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More importantly, Mo MA's 1944 exhibition confirmed the workshop's status as a central hub of abstract printmaking.
Dorothy Noyes Arms, wife of John Taylor Arms who served as the organization's longtime president, noted poetically that the renamed Society of American Etchers, Gravers, Lithographers and Woodcutters, “rose phoenixlike from the ashes of the old.” These various special sections covered trends and exhibitions in the printmaking world and reviewed new print publications. Sheet: 42.8 x 61 cm (16 7/8 x 24 in.) Yale University Art Gallery, Anonymous Purchase Fund, 1977.10.7 Image courtesy Yale University Art Gallery Art courtesy of the Estate of the Artist and The Susan Teller Gallery, NY, NY.
Even though these magazines sometimes covered print news within the 57th Street gallery reviews, the print sections effectively segregated avant-garde graphic arts from mainstream modernism. Seizing on the opportunities that this explosion of postwar printmaking offered, women artists capitalized on prints' portability by sending their graphic work throughout the United States.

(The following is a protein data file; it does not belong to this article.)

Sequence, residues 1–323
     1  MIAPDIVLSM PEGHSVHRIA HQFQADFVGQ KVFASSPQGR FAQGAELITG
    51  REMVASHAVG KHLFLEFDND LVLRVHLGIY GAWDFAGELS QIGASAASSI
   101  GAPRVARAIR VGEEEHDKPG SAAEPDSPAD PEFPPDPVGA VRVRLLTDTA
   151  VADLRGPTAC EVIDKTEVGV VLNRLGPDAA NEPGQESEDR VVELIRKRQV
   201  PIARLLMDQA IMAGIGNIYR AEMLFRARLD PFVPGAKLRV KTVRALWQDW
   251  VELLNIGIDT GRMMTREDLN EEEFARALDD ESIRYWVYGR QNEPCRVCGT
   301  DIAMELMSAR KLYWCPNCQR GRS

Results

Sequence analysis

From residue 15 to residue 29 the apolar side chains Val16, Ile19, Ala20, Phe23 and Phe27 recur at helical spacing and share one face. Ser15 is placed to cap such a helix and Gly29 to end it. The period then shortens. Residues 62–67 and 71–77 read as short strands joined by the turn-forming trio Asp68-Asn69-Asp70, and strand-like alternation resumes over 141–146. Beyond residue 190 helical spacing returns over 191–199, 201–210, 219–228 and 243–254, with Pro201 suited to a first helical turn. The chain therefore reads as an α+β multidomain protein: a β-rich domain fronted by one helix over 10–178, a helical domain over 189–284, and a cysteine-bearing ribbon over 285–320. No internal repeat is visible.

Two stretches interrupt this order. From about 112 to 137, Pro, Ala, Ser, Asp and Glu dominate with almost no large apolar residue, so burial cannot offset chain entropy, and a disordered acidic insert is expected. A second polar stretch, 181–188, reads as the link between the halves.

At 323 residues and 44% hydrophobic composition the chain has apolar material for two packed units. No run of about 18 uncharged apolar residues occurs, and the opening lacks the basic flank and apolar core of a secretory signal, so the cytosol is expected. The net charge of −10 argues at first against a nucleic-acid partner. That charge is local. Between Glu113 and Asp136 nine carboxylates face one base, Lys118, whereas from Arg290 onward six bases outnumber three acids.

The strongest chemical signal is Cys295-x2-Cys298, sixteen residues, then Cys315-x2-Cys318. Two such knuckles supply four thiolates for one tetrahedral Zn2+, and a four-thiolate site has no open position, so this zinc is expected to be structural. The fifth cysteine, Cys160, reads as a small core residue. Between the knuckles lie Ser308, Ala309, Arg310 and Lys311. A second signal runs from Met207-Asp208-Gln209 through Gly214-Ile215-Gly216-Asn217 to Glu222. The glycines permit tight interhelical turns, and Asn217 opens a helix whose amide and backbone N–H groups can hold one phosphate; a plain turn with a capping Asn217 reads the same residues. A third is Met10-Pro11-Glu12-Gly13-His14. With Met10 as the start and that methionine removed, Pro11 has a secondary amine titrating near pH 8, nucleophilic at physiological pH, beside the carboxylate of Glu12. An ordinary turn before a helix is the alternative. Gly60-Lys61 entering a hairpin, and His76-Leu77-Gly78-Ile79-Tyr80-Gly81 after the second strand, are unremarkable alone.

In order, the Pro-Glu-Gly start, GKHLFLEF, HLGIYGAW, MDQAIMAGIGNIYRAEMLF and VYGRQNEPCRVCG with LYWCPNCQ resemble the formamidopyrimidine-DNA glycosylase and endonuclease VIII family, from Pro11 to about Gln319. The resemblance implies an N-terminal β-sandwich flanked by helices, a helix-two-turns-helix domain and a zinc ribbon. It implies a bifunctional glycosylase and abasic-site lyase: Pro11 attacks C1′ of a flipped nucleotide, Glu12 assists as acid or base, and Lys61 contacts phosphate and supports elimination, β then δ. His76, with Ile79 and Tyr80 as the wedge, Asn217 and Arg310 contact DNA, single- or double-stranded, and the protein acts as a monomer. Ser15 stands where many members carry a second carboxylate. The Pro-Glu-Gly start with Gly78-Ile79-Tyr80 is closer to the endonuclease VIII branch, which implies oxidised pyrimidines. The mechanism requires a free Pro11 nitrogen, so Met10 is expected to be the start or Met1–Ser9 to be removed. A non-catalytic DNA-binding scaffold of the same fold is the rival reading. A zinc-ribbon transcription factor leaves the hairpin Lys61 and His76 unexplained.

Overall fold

Engaging with recent interest in how American art traveled internationally, this essay will consider the movement of women's Atelier 17 prints and the positive impact of these exhibitions on women's career success.
Drawing on analysis of primary material visualized in charts and on interactive maps produced with Viewshare, an online platform developed by the Library of Congress, this article establishes who and where the major hubs of activity were within this network and what facilitated connections among these nodes.
Under mounting pressure, some of these forums warmed to modern printmaking.
Contemporary Printmaking Essay
For example, the Society of American Etchers conceded in 1947 to open membership to artists of all aesthetic persuasions who practiced printmaking techniques besides etching.
So in 1947, she launched the BKM's National Print Annual Exhibition, which ran continuously for ten years.
Johnson said that starting the print annuals, “was in response to a need for the showing of contemporary and experimental prints within the greater New York area, where much of the experimental printmaking was then being pursued.” Johnson knew that modern prints were anomalies within the era's well-established print exhibitions, which primarily showed small, realistic, black-and-white etchings popular in America since the late-nineteenth century.
You are so easily labeled a printmaker.” In spite of these challenges, women artists boldly pursued connections within the postwar printmaking network, fighting for chances to secure public exposure for their prints and to build relationships with key professional contacts.
This article ultimately constructs a powerful narrative about this active but peripheral subgroup of the New York School.